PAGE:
Wednesday, January 7, 2015

Avoiding “foreign genes” trap: Tale of two potatoes highlights new era of GE crops

| January 6, 2015 |
 
A new wave of genetically engineered crops is dawning but the shadow of a publically divisive debate over GMOs may hamper the technology’s potential. The story of two potatoes illustrates how the technology’s use depends on the understanding of “foreign” genes within the regulatory environment.  J.R. Simplot’s new Innate potato, approved by the USDA in November, and a blight-resistant potato developed in the United Kingdom both challenge anti-GMO activists notion of “foreign genes” in Frankenfoods. The two potatoes use the same gene pool as conventional breeding but are regulated the same as transgenic technology. Intragenesis, used by the Innate potato, recombines genetic elements within the gene pool, thereby offering multiply modifications. Cisgenesis, used by the blight-resistant potato, introduces specific genes already present in the gene pool without changing the DNA sequence......To Read More....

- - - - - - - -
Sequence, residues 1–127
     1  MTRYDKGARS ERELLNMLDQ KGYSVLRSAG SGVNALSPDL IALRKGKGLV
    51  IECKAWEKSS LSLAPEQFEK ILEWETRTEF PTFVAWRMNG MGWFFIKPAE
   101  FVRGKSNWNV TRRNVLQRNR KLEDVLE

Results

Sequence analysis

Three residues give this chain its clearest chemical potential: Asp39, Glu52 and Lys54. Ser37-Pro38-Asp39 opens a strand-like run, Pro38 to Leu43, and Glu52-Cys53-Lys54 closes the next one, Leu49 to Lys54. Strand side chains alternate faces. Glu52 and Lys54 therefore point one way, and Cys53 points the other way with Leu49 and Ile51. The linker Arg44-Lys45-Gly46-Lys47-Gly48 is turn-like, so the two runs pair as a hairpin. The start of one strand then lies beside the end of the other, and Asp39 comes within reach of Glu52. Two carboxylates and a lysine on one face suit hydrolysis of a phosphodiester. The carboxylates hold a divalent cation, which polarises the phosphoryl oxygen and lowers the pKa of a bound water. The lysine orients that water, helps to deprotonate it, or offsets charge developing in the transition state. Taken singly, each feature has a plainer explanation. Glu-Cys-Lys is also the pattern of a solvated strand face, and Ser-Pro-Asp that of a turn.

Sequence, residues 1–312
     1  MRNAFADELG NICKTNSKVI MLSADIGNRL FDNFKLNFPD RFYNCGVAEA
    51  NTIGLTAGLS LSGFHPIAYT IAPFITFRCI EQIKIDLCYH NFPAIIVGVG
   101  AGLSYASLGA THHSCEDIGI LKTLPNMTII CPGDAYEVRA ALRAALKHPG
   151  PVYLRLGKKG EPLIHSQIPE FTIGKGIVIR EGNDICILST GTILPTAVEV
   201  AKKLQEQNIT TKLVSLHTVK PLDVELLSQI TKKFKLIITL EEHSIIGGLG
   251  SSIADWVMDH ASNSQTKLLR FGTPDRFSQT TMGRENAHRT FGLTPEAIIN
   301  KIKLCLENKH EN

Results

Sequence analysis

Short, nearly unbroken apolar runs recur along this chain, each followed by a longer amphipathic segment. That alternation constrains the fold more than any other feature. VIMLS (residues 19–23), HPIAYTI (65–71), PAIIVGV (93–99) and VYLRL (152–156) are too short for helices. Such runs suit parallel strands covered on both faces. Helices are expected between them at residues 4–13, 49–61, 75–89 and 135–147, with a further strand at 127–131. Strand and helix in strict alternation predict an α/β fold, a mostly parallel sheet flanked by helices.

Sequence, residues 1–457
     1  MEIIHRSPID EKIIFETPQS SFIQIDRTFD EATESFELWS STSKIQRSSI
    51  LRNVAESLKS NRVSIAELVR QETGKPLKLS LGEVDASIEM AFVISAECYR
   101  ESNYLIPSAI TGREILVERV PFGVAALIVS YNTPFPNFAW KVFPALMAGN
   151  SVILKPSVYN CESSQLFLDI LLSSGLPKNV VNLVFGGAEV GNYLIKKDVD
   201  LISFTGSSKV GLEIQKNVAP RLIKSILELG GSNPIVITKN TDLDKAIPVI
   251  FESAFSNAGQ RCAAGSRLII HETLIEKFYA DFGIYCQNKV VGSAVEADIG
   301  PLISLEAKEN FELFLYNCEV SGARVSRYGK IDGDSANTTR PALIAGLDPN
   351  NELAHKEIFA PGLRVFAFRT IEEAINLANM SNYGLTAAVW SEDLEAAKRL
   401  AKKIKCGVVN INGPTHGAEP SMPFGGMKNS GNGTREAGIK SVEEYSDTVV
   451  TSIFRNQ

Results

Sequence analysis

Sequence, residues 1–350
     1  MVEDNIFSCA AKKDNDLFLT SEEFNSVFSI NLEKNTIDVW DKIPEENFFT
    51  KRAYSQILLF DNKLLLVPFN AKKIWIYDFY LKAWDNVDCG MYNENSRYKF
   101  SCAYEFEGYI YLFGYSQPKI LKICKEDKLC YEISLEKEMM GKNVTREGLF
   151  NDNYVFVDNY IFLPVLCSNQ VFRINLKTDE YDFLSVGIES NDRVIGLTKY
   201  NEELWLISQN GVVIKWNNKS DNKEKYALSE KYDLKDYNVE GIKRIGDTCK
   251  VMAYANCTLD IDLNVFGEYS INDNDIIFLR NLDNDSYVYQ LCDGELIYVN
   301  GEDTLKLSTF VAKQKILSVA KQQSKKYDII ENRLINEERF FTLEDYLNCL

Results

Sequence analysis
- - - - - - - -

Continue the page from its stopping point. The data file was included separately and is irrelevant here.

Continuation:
My Take - My position is now and will always be based on this question: What's important - how the genes got there or what they do?  And this is a classic example of the wisdom of that kind of thinking. 

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